Exploration of haplotype research consortium imputation for genome-wide association studies in 20,032 Generation Scotland participants

Reka Nagy, Thibaud S Boutin, Jonathan Marten, Jennifer E Huffman, Shona M Kerr, Archie Campbell, Louise Evenden, Jude Gibson, Carmen Amador, David M Howard, Pau Navarro, Andrew Morris, Ian J Deary, Lynne J Hocking, Sandosh Padmanabhan, Blair H Smith, Peter Joshi, James F Wilson, Nicholas D Hastie, Alan F WrightAndrew M McIntosh, David J Porteous, Chris S Haley, Veronique Vitart, Caroline Hayward (Corresponding Author)

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BACKGROUND: The Generation Scotland: Scottish Family Health Study (GS:SFHS) is a family-based population cohort with DNA, biological samples, socio-demographic, psychological and clinical data from approximately 24,000 adult volunteers across Scotland. Although data collection was cross-sectional, GS:SFHS became a prospective cohort due to of the ability to link to routine Electronic Health Record (EHR) data. Over 20,000 participants were selected for genotyping using a large genome-wide array.

METHODS: GS:SFHS was analysed using genome-wide association studies (GWAS) to test the effects of a large spectrum of variants, imputed using the Haplotype Research Consortium (HRC) dataset, on medically relevant traits measured directly or obtained from EHRs. The HRC dataset is the largest available haplotype reference panel for imputation of variants in populations of European ancestry and allows investigation of variants with low minor allele frequencies within the entire GS:SFHS genotyped cohort.

RESULTS: Genome-wide associations were run on 20,032 individuals using both genotyped and HRC imputed data. We present results for a range of well-studied quantitative traits obtained from clinic visits and for serum urate measures obtained from data linkage to EHRs collected by the Scottish National Health Service. Results replicated known associations and additionally reveal novel findings, mainly with rare variants, validating the use of the HRC imputation panel. For example, we identified two new associations with fasting glucose at variants near to Y_RNA and WDR4 and four new associations with heart rate at SNPs within CSMD1 and ASPH, upstream of HTR1F and between PROKR2 and GPCPD1. All were driven by rare variants (minor allele frequencies in the range of 0.08-1%). Proof of principle for use of EHRs was verification of the highly significant association of urate levels with the well-established urate transporter SLC2A9.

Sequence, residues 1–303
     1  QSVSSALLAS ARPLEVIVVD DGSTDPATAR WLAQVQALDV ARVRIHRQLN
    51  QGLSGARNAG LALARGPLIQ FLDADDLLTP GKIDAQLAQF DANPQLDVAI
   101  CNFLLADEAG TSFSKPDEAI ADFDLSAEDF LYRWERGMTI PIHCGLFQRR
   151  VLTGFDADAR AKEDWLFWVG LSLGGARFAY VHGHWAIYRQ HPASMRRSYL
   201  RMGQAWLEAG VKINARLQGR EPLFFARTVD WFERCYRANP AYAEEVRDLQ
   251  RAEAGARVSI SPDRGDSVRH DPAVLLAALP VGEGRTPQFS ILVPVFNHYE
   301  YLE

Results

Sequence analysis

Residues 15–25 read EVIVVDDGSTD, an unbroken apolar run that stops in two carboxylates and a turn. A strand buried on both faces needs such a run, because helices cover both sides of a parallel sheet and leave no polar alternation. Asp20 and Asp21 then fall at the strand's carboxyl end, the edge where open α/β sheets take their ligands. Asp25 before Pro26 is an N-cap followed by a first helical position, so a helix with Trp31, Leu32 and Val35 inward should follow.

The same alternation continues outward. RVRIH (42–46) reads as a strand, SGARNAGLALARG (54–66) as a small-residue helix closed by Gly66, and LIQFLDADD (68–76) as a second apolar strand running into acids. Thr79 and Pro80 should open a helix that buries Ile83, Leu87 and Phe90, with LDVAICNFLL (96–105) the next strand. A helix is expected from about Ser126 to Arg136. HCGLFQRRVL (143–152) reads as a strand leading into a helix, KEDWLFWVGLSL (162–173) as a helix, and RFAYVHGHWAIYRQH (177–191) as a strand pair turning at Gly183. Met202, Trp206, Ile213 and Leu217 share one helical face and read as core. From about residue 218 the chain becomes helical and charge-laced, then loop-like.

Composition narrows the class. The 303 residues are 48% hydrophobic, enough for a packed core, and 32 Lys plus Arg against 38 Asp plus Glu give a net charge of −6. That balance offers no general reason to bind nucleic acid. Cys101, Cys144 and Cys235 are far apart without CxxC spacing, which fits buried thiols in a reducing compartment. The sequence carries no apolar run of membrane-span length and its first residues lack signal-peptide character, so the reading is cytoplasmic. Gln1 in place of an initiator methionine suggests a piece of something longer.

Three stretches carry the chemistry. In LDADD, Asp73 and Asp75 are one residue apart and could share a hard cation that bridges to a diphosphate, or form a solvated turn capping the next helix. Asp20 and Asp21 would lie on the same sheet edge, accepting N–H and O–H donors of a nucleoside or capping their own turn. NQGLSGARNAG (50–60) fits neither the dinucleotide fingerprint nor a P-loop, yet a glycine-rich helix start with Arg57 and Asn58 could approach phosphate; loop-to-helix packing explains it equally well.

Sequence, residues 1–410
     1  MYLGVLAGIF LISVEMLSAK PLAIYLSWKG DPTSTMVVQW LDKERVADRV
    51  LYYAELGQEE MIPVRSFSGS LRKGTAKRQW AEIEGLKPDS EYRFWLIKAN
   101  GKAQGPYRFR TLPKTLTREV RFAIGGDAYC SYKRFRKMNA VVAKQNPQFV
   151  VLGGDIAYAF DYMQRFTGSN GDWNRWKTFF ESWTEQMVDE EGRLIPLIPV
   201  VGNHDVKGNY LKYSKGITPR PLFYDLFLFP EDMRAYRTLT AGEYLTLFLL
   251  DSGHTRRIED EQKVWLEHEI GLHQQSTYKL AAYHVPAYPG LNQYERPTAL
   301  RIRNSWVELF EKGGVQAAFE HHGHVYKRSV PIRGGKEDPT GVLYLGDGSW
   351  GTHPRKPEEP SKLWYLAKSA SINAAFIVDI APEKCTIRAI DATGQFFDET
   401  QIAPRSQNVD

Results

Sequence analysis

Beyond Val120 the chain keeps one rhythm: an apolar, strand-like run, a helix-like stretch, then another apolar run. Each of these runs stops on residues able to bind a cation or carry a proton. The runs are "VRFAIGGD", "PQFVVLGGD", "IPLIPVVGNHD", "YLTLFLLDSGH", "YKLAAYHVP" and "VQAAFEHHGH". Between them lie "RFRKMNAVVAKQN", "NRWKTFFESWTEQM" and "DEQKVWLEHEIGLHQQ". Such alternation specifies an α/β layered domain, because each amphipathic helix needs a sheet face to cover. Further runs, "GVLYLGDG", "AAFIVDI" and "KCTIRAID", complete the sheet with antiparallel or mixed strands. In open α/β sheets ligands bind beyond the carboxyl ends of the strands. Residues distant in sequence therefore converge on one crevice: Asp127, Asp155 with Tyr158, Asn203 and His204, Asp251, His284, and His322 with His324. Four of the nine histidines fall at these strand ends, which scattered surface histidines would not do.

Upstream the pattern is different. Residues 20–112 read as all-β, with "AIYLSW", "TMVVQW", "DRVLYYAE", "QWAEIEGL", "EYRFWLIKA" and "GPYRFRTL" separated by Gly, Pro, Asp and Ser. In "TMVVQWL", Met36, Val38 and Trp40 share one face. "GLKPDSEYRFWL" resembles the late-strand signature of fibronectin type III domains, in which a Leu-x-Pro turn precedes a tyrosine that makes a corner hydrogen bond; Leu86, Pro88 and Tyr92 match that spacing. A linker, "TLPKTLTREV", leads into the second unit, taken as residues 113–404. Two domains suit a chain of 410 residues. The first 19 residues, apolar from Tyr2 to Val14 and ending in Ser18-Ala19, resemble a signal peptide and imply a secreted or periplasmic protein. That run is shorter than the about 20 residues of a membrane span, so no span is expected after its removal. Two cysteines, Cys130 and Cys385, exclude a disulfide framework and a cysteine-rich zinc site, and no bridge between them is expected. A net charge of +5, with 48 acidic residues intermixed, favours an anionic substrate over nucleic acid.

CONCLUSIONS: GS:SFHS provides genetic data on over 20,000 participants alongside a range of phenotypes as well as linkage to National Health Service laboratory and clinical records. We have shown that the combination of deeper genotype imputation and extended phenotype availability make GS:SFHS an attractive resource to carry out association studies to gain insight into the genetic architecture of complex traits.

Original languageEnglish
Article number23
Pages (from-to)1-14
Number of pages14
JournalGenome Research
Publication statusPublished - 7 Mar 2017

Bibliographical note

We are grateful to all the families who took part in the Generation Scotland: Scottish Family Health Study, the general practitioners and Scottish School of Primary Care for their help in recruiting them, and the whole Generation Scotland team, which includes academic researchers, IT staff, laboratory technicians, statisticians and research managers. We thank staff at the University of Dundee Health Informatics Centre for their expert assistance with EHR data linkage. IJD is supported by The University of Edinburgh Centre for Cognitive Ageing and Cognitive Epidemiology, part of the cross council Lifelong Health and Wellbeing Initiative (MR/K026992/1); funding from the BBSRC and MRC is gratefully acknowledged. Data on glycaemic traits have been contributed by MAGIC investigators and have been downloaded from www.magicinvestigators.org.

Genotyping of the GS:SFHS samples was carried out by the Edinburgh Clinical Research Facility, University of Edinburgh and was funded by the Medical Research Council UK and the Wellcome Trust (Wellcome Trust Strategic Award ‘STratifying Resilience and Depression Longitudinally’ (STRADL) (Reference 104036/Z/14/Z). GS:SFHS received core support from the Scottish Executive Health Department, Chief Scientist Office, grant number CZD/16/6. The MRC provides core funding to the QTL in Health and Disease research program at the MRC HGU, IGMM, University of Edinburgh.
Availability of data and materials

The datasets supporting the conclusions of this article are included within the article (and its Additional files).


  • Genome-wide association studies (GWAS)
  • Electronic health records
  • Imputation
  • Quantitative trait
  • Genetics
  • Urate
  • Heart rate
  • Glucose
  • Haplotype Research Consortium (HRC)


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